Who is correct when EMS providers defend strict protocol adherence?
Well-written protocols leave room for both the novice EMS provider and the expert
The “Remember Two Things” video on NPA use created a bit of a stir, generating hundreds of comments. In the video I asked viewers to use the device more frequently and to consider inserting multiple NPAs.
When I create articles and videos it’s hard for me to predict what will resonate with the audience. Which articles and videos will create a huge reaction and which will get swept to the lonely corners of EMS1’s database? It’s almost impossible to know until the editor hits the publish button.
Each time the NPA video was shared, a reader would comment that the NPA should never be used in the presence of a head injury. And then the comment stream would explode. Apparently there’s quite a bit of debate over the use of this relatively benign device when the patient may have a head injury or skull fracture.
Some comments implored readers to not listen to anything I was saying, warning readers that my advice was dangerous. One reported that he had "personally seen" many examples of NPAs that had been inserted into the cranial vault. Research links were posted. Names were called. Even a faculty member for Advanced Trauma Life Support threw his proverbial hat in the ring.
Skull fractures never mentioned
I never referenced the use of NPA’s in the presence of a possible skull fracture. I only encouraged people to use them more often. To be fair, I did say that I could think of no good reason to not use one on an apneic patient.
Before you read any further I’d like you to take a moment to answer the question for yourself.
Would you use a nasopharyngeal airway on a patient with a head injury?
Why or why not?
Really think about it. Your answer is important.
Comments pit novice vs. expert providers
The video comment stream debate over the proper use of airway adjuncts is a great example of the battle between the novice practitioner and their strict adherence to the rules and procedures that they were taught, and the expert practitioner and their ability to synthesize more complex information. When the two sides face off, the results can be spectacular.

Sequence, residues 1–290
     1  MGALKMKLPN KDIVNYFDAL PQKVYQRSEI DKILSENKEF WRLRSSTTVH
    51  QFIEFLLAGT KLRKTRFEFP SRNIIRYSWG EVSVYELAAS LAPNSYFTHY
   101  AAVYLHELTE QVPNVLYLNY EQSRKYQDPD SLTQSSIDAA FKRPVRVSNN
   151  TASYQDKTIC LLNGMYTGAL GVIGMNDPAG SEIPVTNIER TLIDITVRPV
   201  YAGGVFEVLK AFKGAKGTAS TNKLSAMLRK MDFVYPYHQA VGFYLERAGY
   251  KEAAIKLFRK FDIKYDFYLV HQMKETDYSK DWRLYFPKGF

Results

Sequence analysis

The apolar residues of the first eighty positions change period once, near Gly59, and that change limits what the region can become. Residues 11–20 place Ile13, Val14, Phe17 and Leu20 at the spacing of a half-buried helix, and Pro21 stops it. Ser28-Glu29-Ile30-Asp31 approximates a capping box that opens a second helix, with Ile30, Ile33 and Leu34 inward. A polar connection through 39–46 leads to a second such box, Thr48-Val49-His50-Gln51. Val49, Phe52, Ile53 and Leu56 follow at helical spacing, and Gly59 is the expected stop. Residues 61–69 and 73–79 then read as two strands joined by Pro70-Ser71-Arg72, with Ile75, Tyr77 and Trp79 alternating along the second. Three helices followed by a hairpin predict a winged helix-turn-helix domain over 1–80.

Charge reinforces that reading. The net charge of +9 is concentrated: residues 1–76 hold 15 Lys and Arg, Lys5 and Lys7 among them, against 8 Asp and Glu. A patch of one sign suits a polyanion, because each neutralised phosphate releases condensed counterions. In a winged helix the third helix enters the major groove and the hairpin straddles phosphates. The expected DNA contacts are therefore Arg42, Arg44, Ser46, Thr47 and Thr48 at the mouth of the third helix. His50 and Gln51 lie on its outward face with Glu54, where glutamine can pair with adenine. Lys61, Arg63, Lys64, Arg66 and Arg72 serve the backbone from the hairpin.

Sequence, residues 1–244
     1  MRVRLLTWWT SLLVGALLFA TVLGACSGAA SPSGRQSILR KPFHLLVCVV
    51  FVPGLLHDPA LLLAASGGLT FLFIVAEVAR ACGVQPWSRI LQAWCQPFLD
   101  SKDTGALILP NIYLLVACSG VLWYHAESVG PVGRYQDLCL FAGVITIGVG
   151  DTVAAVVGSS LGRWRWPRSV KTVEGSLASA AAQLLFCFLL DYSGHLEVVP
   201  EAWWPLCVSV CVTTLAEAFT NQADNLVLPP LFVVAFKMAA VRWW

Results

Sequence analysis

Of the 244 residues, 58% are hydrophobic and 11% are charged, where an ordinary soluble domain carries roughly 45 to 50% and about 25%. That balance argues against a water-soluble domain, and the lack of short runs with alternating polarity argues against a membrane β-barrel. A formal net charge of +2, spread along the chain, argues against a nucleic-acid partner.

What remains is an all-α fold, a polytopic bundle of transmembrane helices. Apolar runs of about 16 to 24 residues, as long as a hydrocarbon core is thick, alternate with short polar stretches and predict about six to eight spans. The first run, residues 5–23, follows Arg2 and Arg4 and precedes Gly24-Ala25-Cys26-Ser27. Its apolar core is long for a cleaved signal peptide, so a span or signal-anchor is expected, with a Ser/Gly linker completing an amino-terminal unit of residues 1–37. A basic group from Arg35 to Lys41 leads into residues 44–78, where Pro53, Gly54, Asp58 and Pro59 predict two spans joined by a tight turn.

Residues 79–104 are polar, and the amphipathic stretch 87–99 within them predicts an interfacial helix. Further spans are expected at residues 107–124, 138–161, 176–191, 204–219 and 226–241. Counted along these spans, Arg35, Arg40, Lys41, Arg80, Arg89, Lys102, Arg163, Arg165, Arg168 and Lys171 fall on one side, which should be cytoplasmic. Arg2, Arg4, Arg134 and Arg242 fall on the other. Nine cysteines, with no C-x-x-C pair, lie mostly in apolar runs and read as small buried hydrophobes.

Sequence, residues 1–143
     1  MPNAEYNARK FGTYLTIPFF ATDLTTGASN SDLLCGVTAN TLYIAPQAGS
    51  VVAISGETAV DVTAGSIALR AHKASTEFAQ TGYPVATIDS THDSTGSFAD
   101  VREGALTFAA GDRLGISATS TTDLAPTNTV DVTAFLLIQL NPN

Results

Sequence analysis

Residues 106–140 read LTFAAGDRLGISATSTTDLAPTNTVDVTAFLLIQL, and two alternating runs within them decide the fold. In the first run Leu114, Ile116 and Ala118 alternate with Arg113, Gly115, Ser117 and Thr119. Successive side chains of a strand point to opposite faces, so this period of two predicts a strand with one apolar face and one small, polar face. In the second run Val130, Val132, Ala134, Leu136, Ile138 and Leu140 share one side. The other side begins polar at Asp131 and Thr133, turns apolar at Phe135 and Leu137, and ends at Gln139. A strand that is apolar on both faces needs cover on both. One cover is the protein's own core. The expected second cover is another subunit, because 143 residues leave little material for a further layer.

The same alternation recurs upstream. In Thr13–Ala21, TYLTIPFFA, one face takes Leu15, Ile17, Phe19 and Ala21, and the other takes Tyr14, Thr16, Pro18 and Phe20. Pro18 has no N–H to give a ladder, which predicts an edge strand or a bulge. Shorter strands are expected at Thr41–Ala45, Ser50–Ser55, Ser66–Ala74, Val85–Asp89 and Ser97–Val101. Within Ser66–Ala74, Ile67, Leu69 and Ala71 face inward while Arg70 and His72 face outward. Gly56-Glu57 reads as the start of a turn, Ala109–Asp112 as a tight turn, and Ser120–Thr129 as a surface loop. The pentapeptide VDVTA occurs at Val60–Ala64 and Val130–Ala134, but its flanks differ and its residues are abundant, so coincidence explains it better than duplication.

Expert-level providers may flippantly dismiss the novices concern with a wave of the hand and a reference to EMS mythology. Terms like “low information voter” and “protocol monkey” will likely enter the discussion. Links to research may follow or pictures of Michael Jackson with popcorn.
Novice level providers paint the more experienced practitioners as reckless and dangerous rule breakers who don’t respect their protocols. At the heart of all of this discussion is the underlying belief that one side is really right. One answer is correct and someone else is simply doing it wrong. And that is part of the problem.
Multiple correct answers
So who is really correct?
When you answered the question for yourself about NPA use, I’m guessing that your answer sounded similar to one of these two examples.
Example A: If the patient had any type of significant head injury I would not use an NPA. I was taught by my instructor that this device could enter the cranial vault and harm the patient. Further, my protocols list possible skull fracture as a contra-indication to the use of an NPA. I would be in violation of my protocols and could face some disciplinary action for doing this. It’s safer for me and my patient to not use the NPA in the presence of a head injury. It just isn’t worth the risk.
Example B: In all but the rarest of circumstances, I would use an NPA on a head injury with a potential skull fracture. Proper airway management is critical in this patient and intubation might be delayed or impossible. The benefits will almost certainly outweigh the risks. The risks are minimal and easy to assess. Signs of high level Le Fort fractures with facial instability would make me reconsider sticking anything in the patient’s nose for obvious reasons and alternatives would be considered. If I was ever questioned about my decision I could easily explain why my patient care was clinically appropriate even if it did deviate from the letter of the protocol.